While on the summer break that separated her junior and senior year in college, Chung had an internship where she was privileged to watch a bunch of reporters doing their job.
The retired TV anchor also worked under a congressman who was formerly a newspaperman. By working under him, she developed a keen interest in writing.
When Chung returned to college, she had made up her mind that she was going to major in journalism. She decided to focus on television journalism as the field was relatively new at the time (1969). Recounting her decision to pursue a career in journalism, Chung revealed:
"For a small, diminutive-sized Chinese person who grew up in a very loud family and never spoke up in my life, it was dramatic."
Chung went on to become the first woman ever to co-anchor CBS Evening News. Over time, she steadily worked her way up the professional ladder. In 1993, she rose to become only the second woman and first Asian American to anchor one of America's major network newscasts.
The diminutive journalist has worked as an anchor and reporter for several American TV news networks, including NBC, CBS, ABC, CNN, and MSNBC. During her active years, she conducted some high profile interviews, most notably with Claus von Bülow and U.S.
Representative Gary Condit. She also was first to interview basketball legend Magic Johnson when the former NBA star first announced to the public that he had tested positive for HIV.
Chung has been very vocal about the challenges she faced as a woman in a male-dominated industry. While she admits that the landscape is more favorable to women today, she claims that more can still be done. In an interview with Hollywood Reporter, she claimed:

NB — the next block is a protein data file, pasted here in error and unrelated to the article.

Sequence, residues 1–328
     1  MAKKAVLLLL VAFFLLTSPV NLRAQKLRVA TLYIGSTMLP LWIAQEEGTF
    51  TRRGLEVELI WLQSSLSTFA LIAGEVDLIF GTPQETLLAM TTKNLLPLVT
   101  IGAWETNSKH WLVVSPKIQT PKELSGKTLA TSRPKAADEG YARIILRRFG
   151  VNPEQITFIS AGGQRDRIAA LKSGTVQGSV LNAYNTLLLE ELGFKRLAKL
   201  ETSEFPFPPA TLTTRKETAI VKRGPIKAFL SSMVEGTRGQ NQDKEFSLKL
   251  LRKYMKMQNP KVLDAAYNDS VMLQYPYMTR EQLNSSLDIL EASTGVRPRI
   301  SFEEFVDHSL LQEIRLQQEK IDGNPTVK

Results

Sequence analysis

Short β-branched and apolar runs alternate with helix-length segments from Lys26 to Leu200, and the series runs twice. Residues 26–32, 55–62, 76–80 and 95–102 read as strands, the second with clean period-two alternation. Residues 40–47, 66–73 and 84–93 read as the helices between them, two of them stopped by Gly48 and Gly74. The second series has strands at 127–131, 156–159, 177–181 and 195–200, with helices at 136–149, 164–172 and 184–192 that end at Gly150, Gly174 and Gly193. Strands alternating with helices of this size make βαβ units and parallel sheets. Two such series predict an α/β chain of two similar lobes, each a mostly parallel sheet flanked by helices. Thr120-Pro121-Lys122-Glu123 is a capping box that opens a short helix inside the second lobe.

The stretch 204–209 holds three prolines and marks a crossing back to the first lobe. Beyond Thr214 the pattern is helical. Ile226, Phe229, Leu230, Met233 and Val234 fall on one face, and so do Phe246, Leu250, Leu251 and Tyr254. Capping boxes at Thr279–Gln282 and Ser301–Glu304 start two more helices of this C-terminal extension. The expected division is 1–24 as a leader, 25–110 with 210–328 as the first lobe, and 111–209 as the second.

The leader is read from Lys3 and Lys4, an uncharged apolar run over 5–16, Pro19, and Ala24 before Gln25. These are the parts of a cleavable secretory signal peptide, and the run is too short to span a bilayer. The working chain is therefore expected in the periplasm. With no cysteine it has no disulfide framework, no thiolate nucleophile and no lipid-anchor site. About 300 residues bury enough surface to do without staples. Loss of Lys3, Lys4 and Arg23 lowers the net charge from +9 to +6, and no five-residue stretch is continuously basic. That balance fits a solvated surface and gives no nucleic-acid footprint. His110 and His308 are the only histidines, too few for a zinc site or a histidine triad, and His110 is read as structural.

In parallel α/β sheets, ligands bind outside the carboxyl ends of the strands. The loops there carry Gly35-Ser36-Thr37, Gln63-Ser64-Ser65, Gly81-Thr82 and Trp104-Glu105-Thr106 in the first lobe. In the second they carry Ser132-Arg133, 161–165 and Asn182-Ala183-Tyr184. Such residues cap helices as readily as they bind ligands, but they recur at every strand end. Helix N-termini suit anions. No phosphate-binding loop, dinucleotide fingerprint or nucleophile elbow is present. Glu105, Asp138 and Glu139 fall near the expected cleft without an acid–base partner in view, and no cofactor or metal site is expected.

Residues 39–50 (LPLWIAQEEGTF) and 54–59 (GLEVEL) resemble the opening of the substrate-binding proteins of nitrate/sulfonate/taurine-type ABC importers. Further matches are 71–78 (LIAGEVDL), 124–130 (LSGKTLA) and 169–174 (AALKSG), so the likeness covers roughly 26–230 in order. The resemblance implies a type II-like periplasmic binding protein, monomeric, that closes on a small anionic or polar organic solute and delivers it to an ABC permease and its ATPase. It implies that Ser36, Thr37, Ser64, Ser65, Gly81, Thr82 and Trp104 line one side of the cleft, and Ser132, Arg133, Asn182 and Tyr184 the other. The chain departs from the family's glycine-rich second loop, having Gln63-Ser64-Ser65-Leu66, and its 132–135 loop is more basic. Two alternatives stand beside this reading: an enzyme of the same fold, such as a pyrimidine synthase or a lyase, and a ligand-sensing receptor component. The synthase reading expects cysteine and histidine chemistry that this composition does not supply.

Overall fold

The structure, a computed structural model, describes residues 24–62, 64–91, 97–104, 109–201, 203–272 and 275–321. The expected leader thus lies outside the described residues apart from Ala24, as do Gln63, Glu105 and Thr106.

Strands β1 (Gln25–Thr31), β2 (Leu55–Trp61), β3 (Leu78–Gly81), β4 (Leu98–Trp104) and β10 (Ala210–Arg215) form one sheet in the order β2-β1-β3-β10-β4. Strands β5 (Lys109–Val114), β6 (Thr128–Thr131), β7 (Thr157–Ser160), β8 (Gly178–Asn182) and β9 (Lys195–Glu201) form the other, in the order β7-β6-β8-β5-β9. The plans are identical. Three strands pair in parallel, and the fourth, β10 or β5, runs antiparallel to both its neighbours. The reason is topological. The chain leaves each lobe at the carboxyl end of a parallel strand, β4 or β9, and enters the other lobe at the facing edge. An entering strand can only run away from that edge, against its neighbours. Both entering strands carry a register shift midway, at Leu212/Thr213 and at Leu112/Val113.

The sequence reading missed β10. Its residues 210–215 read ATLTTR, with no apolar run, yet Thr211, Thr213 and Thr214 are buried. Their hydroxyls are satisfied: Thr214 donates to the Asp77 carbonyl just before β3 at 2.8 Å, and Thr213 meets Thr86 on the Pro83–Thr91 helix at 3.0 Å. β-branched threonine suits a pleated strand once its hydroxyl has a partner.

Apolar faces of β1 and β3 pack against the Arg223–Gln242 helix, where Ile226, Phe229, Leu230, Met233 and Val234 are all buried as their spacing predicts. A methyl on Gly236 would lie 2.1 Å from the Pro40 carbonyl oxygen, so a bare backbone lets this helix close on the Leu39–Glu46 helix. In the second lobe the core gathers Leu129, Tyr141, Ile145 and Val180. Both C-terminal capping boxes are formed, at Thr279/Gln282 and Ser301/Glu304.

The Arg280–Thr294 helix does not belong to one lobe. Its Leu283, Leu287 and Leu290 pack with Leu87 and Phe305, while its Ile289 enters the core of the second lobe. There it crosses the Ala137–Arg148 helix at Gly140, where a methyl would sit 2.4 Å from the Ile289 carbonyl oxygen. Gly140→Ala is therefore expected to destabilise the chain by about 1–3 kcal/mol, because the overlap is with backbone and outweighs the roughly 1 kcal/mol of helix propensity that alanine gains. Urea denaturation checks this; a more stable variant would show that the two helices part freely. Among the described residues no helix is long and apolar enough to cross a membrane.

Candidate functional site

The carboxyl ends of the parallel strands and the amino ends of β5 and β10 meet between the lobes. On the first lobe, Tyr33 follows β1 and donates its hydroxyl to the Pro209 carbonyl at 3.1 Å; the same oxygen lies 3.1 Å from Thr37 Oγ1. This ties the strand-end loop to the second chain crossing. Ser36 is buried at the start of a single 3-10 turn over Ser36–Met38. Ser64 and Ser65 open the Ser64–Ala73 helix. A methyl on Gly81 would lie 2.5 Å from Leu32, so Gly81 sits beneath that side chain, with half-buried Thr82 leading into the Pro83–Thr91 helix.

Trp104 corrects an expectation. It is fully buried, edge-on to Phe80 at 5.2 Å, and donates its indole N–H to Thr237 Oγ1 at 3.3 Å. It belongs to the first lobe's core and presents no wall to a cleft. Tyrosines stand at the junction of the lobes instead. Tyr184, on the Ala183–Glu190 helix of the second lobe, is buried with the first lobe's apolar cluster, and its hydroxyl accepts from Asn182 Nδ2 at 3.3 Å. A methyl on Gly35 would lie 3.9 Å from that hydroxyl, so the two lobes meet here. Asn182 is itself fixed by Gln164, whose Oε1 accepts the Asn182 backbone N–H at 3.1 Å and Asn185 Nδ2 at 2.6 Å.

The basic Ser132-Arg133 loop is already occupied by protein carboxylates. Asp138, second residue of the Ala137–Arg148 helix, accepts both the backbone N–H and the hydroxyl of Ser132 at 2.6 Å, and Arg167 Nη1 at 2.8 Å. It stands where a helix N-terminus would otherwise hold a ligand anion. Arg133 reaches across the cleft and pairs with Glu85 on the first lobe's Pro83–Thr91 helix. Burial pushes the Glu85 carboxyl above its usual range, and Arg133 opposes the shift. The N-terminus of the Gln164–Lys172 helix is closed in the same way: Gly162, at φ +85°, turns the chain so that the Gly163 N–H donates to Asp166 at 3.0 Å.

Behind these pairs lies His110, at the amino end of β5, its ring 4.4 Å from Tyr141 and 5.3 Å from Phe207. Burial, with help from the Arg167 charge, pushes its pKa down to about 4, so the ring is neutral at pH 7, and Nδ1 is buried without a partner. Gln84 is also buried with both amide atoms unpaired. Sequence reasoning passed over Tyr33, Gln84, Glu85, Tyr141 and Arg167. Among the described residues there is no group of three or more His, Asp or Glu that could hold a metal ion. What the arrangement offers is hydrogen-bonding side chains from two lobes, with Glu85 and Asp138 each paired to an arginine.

"On the one hand, I think that women have made incredible advances in news, not only in print but in television. But it's still dominated by an all-male management, dinosaur mentality…."
CONNIE CHUNG'S PERSONAL LIFE
Connie Chung has been married to her husband, Maury Povich, for nearly four decades, and the pair seems to be waxing stronger in love with each passing day.
Chung and Maury were once co-workers at WTTG but began dating in 1977. After dating for over seven years, the pair finally got married in 1984. Maury says about the proposal:
"One day in the autumn of 1984 she called me up and said we could get married now."
Connie Chung' s husband, Maury Povich is a TV talk show host and has enjoyed a successful career in television spanning several decades.
Back in May 2018, the couple made a special guest appearance on TODAY, where they talked to host Megyn Kelly about their marriage and the secret of its longevity.
The couple was a fun bunch and showed that there is nothing that makes a marriage last better than having good chemistry between both partners.
After a miscarriage and several failed attempts with IVF, Chung, who was 48 at the time, and her husband decided to adopt their son, Matthew Jay Povich, in 1995. Mathew is all grown up and is in his early 20s.
Connie took a long break from television to focus on motherhood, but now that her son is all grown up, the seasoned journalist is considering having a one-woman show on Broadway.